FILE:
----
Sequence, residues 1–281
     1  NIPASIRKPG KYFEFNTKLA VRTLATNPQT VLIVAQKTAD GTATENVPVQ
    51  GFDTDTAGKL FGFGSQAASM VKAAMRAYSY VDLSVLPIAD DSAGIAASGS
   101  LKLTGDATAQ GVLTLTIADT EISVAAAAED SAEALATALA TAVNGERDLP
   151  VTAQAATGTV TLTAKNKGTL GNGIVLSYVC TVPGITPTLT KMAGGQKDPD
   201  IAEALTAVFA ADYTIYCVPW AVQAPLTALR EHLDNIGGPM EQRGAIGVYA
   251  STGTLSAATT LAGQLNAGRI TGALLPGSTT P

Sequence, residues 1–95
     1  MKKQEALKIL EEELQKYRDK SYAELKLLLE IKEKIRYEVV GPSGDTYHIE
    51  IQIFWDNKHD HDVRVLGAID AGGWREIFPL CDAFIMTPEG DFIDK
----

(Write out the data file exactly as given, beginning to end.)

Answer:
Sequence, residues 1–281
     1  NIPASIRKPG KYFEFNTKLA VRTLATNPQT VLIVAQKTAD GTATENVPVQ
    51  GFDTDTAGKL FGFGSQAASM VKAAMRAYSY VDLSVLPIAD DSAGIAASGS
   101  LKLTGDATAQ GVLTLTIADT EISVAAAAED SAEALATALA TAVNGERDLP
   151  VTAQAATGTV TLTAKNKGTL GNGIVLSYVC TVPGITPTLT KMAGGQKDPD
   201  IAEALTAVFA ADYTIYCVPW AVQAPLTALR EHLDNIGGPM EQRGAIGVYA
   251  STGTLSAATT LAGQLNAGRI TGALLPGSTT P

Sequence, residues 1–95
     1  MKKQEALKIL EEELQKYRDK SYAELKLLLE IKEKIRYEVV GPSGDTYHIE
    51  IQIFWDNKHD HDVRVLGAID AGGWREIFPL CDAFIMTPEG DFIDK